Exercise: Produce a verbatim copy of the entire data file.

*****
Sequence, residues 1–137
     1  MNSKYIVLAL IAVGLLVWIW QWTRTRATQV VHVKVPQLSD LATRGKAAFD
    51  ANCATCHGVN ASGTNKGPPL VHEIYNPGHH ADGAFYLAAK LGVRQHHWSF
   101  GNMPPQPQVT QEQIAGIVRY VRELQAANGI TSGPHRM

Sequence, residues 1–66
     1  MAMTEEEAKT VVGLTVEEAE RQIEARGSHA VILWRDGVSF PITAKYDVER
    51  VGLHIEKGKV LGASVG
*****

Sequence, residues 1–137
     1  MNSKYIVLAL IAVGLLVWIW QWTRTRATQV VHVKVPQLSD LATRGKAAFD
    51  ANCATCHGVN ASGTNKGPPL VHEIYNPGHH ADGAFYLAAK LGVRQHHWSF
   101  GNMPPQPQVT QEQIAGIVRY VRELQAANGI TSGPHRM

Sequence, residues 1–66
     1  MAMTEEEAKT VVGLTVEEAE RQIEARGSHA VILWRDGVSF PITAKYDVER
    51  VGLHIEKGKV LGASVG